Making a Difference One Desk at a Time

Colby Samide is making distance learning a little easier by providing desk to students in need.

Just+a+junior+in+high+school%2C+Colby+Samide+is+making+a+difference+that+will+be+felt+nationwide+as+people+from+across+the+country+reach+out+to+him+to+start+making+desks+in+their+area+for+students+in+need.

Courtesy of the Desks for Distance Facebook Page

Just a junior in high school, Colby Samide is making a difference that will be felt nationwide as people from across the country reach out to him to start making desks in their area for students in need.

By Caelan Jones, Dominion High School

Using a passion for woodworking, one Woodgrove junior is making a difference in the world for kids who cannot afford desks. Ever since Colby Samide took a tech ed. class his freshman year, he has been passionate about woodworking, and he thought it would be a great idea to use his woodworking skills to help others.

Samide saw a group on Facebook called Desks by Dad, located in Gaithersburg, Maryland, and this inspired Colby to start his next project, called Desks for Distance. It wasn’t long until he got requests for desks.

Moving to Loudoun from Cincinnati three years ago, said he has always wanted to give back to the community. “I love it here. The community is awesome. And, I have just wanted to give back for a while, and figured that this was a good way to do it,” Samide said.

Samide’s mom, Dylan, said, “He [has always] had a love for building things. Even like, as young as you know, as a toddler. He would build these elaborate block structures and all these mazes.”

So far in his endeavor, Samide has made 61 desks by himself and then hand delivers them. “[My favorite part] is definitely delivering them. The part when the parents and kids see. It makes me feel happy that I’ve given back and it makes me feel good,” Samide said.

Starting this project in early September, Samide was producing multiple desks very quickly, but, since school started, his rate of production has slowed down. “I have been making them at night. I have been cycling through them, though. I am going to build [the desks] for everyone who is on the list now. But, I am going to slow down and stop for my junior year, to focus on school,” Samide said.

As of September 25th, Colby Samide has made 61 desks for students who could not afford one to help them with distance learning. (Courtesy of Desks For Distance Facebook Page)

His mom shared, “He came downstairs one night at 11 o’clock. And he’s like, Mom, Dad, I think I’m starting a new nonprofit and like, what, what are you talking about? I’ve loved watching him do something that he enjoys so much building and then also sounds like what’s even more rewarding for him as is the delivery and seeing the kids faces.”

This Monday, Sept. 28, Samide is partnering with Moss Building and Design, and they will be building 50 desks together, with all materials donated from Lowe’s, for more students. Mara Bauserman, Vice President of Marketing, said, “He is really quite impressive. He’s very composed, he really thinks about what he’s doing. I think he’s also humbled and excited about how many people are supporting his effort.”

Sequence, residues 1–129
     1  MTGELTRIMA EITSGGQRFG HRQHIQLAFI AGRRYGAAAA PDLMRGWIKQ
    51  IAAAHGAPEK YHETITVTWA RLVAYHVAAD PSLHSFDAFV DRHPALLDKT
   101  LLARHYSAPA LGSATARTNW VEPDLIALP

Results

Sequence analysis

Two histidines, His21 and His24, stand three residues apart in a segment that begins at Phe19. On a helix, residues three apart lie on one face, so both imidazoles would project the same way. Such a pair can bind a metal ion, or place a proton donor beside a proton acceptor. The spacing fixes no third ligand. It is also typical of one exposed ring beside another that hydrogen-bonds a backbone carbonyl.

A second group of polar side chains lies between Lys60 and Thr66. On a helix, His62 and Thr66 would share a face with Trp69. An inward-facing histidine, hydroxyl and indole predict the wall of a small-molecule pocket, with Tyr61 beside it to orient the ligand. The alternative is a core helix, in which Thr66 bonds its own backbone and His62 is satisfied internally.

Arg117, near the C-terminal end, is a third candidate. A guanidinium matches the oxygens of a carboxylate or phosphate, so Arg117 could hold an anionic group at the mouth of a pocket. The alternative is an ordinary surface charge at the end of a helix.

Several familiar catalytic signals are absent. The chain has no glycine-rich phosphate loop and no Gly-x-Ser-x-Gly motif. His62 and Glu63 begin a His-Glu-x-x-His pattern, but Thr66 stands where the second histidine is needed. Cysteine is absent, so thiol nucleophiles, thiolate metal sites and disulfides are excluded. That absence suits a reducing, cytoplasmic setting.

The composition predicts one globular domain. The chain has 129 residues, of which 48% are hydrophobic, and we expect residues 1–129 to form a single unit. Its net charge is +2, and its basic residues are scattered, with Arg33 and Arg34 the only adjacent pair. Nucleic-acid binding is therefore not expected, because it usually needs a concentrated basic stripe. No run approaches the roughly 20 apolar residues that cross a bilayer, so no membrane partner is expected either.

Samide said that one thing that he wants others to take away from his project is to show kindness and compassion whenever it’s possible. “A small act [of kindness] can make a big difference to someone in need, or even anyone in general, especially during these kinds of times.”

The process of making one desk is a lot of work. “I start off by going to Lowe’s, I get three 2x3x8 ft boards, and I also get a 4×8 ft board. I get a maple hardwood top, which makes the desktop. When I get home, I cut the 2x4x8 boards, and make the legs. [I screw] the legs in sideways and it makes [the screws invisible]. And that’s it,” Samide said.

Bauserman said, “We will kind of be setting up an assembly line, and we already have everything pre-cut. And, you know, we will be building one desk after the other, and just make sure that they are all done.”

Colby has been recognized for his amazing outreach to the community by multiple news organizations, including The NBC Nightly News. “I wouldn’t say it was intimidating, but it was definitely nerve wracking,” Samide said.

Bauserman said, “He made a little YouTube video (see below) with his tutorial. And then just this week, he started a group to actually share his experience. So other people in other regions can undertake a similar effort, but he has, so he kind of wants to see it grow to other people to take the same effort under their own way, which is really impressive.” Samide’s efforts now reach as far as California.

Along with the recognition from the news, Samide has received tons of notes and thank you cards from the students who received desks. “[Kids say], ‘Thank you Mr. Nice Man.’ Kids, they make these adorable, little handmade, thoughtful notes and, they are awfully cute,” Dylan Samide said.

This story was originally published on DHS Press on September 25, 2020.